Eleven people died and 31 others were rescued on Thursday after a boat carrying migrants capsized about 10 miles north of Desecheo Island, PR, the US Coast Guard said.
The agency said the crew of a Customs and Border Protection plane spotted a capsized vessel shortly before noon. The crew reported people in the water who did not appear to be wearing life jackets, the Coast Guard said.
The Coast Guard said the vessel was “suspected of having participated in an illegal voyage”.
Most of those on board were from Haiti, but two of the survivors were from the Dominican Republic, said Jeffrey Quiñones, spokesman for U.S. Customs and Border Protection. The boat departed from the Dominican Republic and was en route through the dangerous Mona Passage to western Puerto Rico, he said.
Mr. Quiñones said that according to the accounts of the migrants, the boat was taking on water and the occupants were trying to shovel the water from the boat. He said it was not uncommon for such trips as the boats are often “unseaworthy”.
“It seems that the boat broke because it is not a boat made for such a trip,” Mr Quiñones said. “With a lot of people inside the boat, of course that could happen.”
A Coast Guard spokesperson said late Thursday that the agency was still searching for survivors and did not know how many people were on the boat. The search was to continue all night.
The top priority is saving lives, Coast Guard Rear Admiral Brendan C. McPherson said in a statement. “We are searching for survivors with all means available, including helicopters, planes and lifeboats from the U.S. Coast Guard, Customs and Border Protection Air and Maritime Operations and Joint Forces partners. quick response from Puerto Rico,” he said.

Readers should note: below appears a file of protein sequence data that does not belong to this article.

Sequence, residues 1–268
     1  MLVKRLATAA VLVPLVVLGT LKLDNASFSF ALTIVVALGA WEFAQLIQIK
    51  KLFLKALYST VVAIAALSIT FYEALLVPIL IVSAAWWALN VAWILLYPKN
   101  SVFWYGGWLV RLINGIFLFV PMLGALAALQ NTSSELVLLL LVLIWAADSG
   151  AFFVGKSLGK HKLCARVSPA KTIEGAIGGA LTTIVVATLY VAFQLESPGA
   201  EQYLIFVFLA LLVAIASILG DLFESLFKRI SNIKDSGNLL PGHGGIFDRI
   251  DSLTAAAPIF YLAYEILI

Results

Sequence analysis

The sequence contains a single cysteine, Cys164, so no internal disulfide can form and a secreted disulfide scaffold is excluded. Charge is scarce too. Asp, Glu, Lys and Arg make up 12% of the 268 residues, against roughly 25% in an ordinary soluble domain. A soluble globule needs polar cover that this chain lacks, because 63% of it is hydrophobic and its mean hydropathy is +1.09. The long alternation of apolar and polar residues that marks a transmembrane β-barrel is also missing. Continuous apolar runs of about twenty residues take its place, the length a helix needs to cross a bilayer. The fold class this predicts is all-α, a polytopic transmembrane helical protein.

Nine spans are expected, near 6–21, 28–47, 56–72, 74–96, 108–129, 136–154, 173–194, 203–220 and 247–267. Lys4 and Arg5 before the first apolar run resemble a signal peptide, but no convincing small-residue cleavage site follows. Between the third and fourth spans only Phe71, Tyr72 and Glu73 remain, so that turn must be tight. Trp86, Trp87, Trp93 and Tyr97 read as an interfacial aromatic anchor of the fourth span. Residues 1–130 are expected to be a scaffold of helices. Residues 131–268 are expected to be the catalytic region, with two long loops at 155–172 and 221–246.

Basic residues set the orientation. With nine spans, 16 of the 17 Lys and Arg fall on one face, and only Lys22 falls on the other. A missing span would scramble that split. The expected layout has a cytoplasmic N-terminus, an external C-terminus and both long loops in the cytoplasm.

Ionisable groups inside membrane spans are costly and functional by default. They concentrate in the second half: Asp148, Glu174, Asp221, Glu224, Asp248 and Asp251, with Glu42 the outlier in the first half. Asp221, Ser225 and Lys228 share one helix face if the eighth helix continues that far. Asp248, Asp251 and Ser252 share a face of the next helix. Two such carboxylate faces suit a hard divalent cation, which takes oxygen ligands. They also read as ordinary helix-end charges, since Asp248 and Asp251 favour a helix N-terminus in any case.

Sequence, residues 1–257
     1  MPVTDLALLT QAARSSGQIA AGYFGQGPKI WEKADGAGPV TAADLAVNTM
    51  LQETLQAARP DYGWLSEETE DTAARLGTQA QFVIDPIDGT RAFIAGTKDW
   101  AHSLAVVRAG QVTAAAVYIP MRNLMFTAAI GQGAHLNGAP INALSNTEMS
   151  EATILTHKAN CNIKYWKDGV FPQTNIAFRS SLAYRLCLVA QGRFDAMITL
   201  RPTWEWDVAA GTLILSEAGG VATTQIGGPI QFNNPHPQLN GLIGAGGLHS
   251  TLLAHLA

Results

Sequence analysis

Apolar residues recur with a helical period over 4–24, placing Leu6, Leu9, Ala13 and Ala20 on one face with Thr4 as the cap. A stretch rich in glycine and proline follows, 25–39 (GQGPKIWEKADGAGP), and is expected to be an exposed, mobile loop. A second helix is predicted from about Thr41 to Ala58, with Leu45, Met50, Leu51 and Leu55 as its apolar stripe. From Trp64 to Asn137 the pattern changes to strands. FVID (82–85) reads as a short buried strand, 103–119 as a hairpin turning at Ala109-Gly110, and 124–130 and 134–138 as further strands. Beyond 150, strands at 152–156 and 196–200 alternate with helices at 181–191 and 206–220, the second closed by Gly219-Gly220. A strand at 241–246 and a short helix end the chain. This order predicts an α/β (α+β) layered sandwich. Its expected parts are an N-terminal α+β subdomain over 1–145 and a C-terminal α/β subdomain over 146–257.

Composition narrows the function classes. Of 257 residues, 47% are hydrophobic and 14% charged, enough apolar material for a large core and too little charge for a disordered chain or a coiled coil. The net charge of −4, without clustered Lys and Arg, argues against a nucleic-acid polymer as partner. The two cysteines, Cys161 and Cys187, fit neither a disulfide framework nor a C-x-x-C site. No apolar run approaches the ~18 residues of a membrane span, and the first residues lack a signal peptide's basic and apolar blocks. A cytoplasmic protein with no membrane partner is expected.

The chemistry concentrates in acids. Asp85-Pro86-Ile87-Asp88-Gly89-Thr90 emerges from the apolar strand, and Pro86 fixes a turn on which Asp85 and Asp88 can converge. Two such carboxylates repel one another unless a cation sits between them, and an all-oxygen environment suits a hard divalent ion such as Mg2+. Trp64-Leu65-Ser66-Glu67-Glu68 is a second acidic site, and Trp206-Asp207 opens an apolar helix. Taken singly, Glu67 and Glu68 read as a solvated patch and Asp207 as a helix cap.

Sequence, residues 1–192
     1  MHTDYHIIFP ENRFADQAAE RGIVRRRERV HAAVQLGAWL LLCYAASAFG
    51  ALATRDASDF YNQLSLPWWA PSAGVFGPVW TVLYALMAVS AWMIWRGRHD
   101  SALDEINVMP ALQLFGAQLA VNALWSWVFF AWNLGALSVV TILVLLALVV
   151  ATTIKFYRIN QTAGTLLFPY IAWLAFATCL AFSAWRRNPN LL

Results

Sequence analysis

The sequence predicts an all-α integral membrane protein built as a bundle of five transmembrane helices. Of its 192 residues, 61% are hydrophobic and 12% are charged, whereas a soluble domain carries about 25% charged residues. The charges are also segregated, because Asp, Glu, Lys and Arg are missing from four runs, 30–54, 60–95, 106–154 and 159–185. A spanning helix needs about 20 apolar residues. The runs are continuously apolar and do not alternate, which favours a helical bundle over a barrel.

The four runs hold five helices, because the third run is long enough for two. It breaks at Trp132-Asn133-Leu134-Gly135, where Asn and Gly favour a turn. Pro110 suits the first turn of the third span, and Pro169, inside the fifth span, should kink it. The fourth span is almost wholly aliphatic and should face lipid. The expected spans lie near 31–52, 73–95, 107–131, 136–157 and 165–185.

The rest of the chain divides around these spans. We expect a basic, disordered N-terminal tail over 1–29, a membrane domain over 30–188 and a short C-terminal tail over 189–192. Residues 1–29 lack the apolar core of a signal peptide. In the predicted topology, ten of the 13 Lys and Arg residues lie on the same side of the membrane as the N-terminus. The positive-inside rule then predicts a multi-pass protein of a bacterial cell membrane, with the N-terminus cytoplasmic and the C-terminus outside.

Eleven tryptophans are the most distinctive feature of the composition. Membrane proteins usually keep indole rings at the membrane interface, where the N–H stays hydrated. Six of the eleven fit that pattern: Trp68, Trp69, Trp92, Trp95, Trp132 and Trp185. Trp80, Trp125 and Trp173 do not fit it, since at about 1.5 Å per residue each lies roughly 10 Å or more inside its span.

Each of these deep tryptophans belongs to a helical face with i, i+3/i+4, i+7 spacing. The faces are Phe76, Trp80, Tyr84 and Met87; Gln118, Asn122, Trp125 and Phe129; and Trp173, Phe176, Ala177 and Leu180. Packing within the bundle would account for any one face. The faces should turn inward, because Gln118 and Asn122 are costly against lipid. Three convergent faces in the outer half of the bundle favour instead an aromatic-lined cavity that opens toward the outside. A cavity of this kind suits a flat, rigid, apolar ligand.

The lack of opportunity in developing countries, which have been hit hard by the coronavirus pandemic and rising prices that have caused food insecurity, has driven increasing numbers of people to seek entry into the United States.
More than 3,200 migrants were apprehended trying to reach the United States by sea in fiscal year 2021. Most of these arrests were in California, but Florida authorities detained 1,316 Cubans, Haitians and Dominicans, almost as many as the previous two exercises combined.
The data underestimates the actual number of people seeking entry by sea because it only represents events in which people are detained or a vessel is recovered.
After Border Patrol and other law enforcement apprehended five smugglers and 25 migrants from Haiti and the Dominican Republic off the coast of Puerto Rico last fall, officials noted an increase in illegal activity.
“We are seeing an increase in smuggling attempts across our borders,” Xavier Morales, chief patrol officer for the Ramey Border Patrol Sector, said in a statement at the time.
Many migrants come from Haiti. They take dangerous routes to escape a country plagued by gang violence, political instability and widespread poverty. They arrive on the west coast of Puerto Rico with some frequency, often on makeshift wooden boats known on that island as “yolas”.
When federal authorities apprehended large groups of migrants or arrested their smugglers, they repeatedly emphasized the dangers of crossing the Mona Passage or make dangerous landings, either in western Puerto Rico or on three small islands in the passage: Mona, Monito and Desecheo.
In October, the US Border Patrol arrested four Dominican men and charged them with transporting 43 Haitians to Mona Island.
Last week, US Border Patrol agents apprehended 60 Haitian migrants and a Dominican woman who arrived in Cabo Rojo, in southwestern Puerto Rico. This followed the arrival this month of 59 Haitians in Rincón, on the northwestern tip of Puerto Rico, known for its strong waves.
In this case, officers had spotted the makeshift boat, a 30-foot homemade vessel, reaching the shore. They found it abandoned on the shore and searched the area before finding the migrants, according to Border Patrol.
Mr. Quiñones, the Border Patrol spokesman, said his agency has frequently discussed capsizes. Typically, he said, smugglers use dangerous methods to avoid detection, such as covering the boat with a blue tarp or using an underpowered engine to minimize splashing water, resulting in treacherous to prolong the journey.
“These ships and the conditions the smugglers put these migrants in on the journey, it’s mind-boggling,” he said.
Patricia Mazzei contributed report.